Before I describe the issue that I encountered, let me be very clear. This hack is potentially dangerous and should absolutely only be done in development environments. This won't affect your host system, only the docker container so the most damage you'll do is prevent hostname and possibly user/group lookups within the container itself.
I've been using the PostgreSQL's hstore extension in a Rails application lately and kept encountering the error that is this post's namesake. It would specifically happen when a database had been dropped, recreated and I freshly ran the migrations.
I've found several places where I needed to be able to update my kernels but for one reason or another can't update the kernel that gets booted initially. A couple of these situations were:
- Running Custom or Updated Kernels on DigitalOcean (this is one of their biggest failings IMHO)
- Allowing updating of kernels on embedded linux devices that require their kernel flashed into NVRAM.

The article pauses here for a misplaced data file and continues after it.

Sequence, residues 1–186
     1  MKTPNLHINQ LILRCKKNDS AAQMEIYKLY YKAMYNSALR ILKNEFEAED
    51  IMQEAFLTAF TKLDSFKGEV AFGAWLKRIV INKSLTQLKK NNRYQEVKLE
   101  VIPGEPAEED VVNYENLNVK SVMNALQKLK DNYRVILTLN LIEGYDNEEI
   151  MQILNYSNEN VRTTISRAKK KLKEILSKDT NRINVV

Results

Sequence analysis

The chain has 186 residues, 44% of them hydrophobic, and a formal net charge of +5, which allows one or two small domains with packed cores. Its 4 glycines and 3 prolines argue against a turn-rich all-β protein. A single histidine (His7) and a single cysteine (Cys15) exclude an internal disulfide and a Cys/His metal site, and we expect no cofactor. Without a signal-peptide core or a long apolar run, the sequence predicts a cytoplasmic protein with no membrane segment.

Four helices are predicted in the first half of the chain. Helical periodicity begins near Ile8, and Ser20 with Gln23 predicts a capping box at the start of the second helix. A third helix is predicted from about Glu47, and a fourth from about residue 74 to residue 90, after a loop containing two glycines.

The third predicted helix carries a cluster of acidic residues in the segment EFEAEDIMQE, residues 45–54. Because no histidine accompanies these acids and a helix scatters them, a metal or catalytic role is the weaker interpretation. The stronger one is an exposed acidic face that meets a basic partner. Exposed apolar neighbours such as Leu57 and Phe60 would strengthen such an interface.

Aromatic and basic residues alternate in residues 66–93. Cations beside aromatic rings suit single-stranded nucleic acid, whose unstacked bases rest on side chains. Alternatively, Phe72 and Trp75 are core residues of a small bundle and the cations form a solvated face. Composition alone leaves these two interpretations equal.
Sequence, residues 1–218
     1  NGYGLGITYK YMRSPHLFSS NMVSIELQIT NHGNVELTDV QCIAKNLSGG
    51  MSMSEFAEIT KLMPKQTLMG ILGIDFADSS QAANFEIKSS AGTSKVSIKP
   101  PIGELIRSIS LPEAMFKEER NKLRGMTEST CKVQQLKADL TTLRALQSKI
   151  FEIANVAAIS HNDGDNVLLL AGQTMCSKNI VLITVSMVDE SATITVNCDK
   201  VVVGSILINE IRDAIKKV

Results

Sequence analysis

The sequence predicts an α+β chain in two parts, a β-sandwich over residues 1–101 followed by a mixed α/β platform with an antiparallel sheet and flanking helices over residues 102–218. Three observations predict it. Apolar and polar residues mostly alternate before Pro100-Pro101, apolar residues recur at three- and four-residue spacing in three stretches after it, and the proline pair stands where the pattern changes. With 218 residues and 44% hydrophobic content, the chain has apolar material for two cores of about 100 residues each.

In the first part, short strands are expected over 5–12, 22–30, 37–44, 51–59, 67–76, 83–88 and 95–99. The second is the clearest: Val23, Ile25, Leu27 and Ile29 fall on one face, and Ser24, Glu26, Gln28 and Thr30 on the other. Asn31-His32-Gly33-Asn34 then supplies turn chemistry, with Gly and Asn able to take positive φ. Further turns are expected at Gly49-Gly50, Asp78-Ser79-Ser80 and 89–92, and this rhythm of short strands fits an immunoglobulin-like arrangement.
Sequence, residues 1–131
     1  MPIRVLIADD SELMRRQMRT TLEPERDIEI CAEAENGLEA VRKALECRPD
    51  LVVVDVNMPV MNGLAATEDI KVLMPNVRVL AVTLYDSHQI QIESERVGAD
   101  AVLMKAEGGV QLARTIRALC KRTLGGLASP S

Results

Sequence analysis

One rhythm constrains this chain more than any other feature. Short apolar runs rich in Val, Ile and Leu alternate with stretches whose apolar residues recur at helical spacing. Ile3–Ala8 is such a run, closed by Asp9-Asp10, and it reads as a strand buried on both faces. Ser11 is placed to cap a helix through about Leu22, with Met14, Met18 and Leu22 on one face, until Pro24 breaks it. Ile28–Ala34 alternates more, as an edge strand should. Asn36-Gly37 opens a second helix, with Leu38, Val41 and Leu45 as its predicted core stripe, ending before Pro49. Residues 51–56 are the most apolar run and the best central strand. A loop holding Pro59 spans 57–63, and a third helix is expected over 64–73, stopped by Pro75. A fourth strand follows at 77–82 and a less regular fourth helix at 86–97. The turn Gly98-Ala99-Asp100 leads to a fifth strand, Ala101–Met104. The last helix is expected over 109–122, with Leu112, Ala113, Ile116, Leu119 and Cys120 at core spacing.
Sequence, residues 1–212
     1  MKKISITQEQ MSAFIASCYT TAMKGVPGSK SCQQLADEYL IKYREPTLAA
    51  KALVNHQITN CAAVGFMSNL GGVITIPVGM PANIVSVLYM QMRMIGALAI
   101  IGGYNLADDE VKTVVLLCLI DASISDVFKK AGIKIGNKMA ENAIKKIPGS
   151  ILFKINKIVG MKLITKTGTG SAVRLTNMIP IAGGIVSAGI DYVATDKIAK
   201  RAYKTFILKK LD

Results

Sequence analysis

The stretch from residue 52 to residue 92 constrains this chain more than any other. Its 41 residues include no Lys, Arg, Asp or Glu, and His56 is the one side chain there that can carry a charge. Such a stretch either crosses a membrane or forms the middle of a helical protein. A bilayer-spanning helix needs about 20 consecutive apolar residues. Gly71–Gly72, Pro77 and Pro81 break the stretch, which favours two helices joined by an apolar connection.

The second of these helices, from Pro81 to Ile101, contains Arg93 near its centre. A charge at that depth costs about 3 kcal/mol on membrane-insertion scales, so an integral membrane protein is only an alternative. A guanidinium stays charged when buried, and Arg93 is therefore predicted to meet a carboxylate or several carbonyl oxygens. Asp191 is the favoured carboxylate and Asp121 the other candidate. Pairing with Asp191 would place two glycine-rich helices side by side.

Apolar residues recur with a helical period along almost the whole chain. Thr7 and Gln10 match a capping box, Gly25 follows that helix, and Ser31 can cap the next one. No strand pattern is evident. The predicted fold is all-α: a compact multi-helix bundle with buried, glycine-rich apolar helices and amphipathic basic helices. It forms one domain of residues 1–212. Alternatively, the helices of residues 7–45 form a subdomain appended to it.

- Running an embedded system that used an active/backup partition scheme for updating.
In all cases the process was pretty much the same, though there were some custom changes to the preliminary init system depending on what I needed to get done, especially with the last one which I may cover in a different article.
I regularly find myself working on projects that involve the manipulation and storage of RSA keys. In the past I've never had to worry about identification or presentation of these keys. Normally I've only got one too three pairs at most that I'm manipulating (server, certificate authority, client).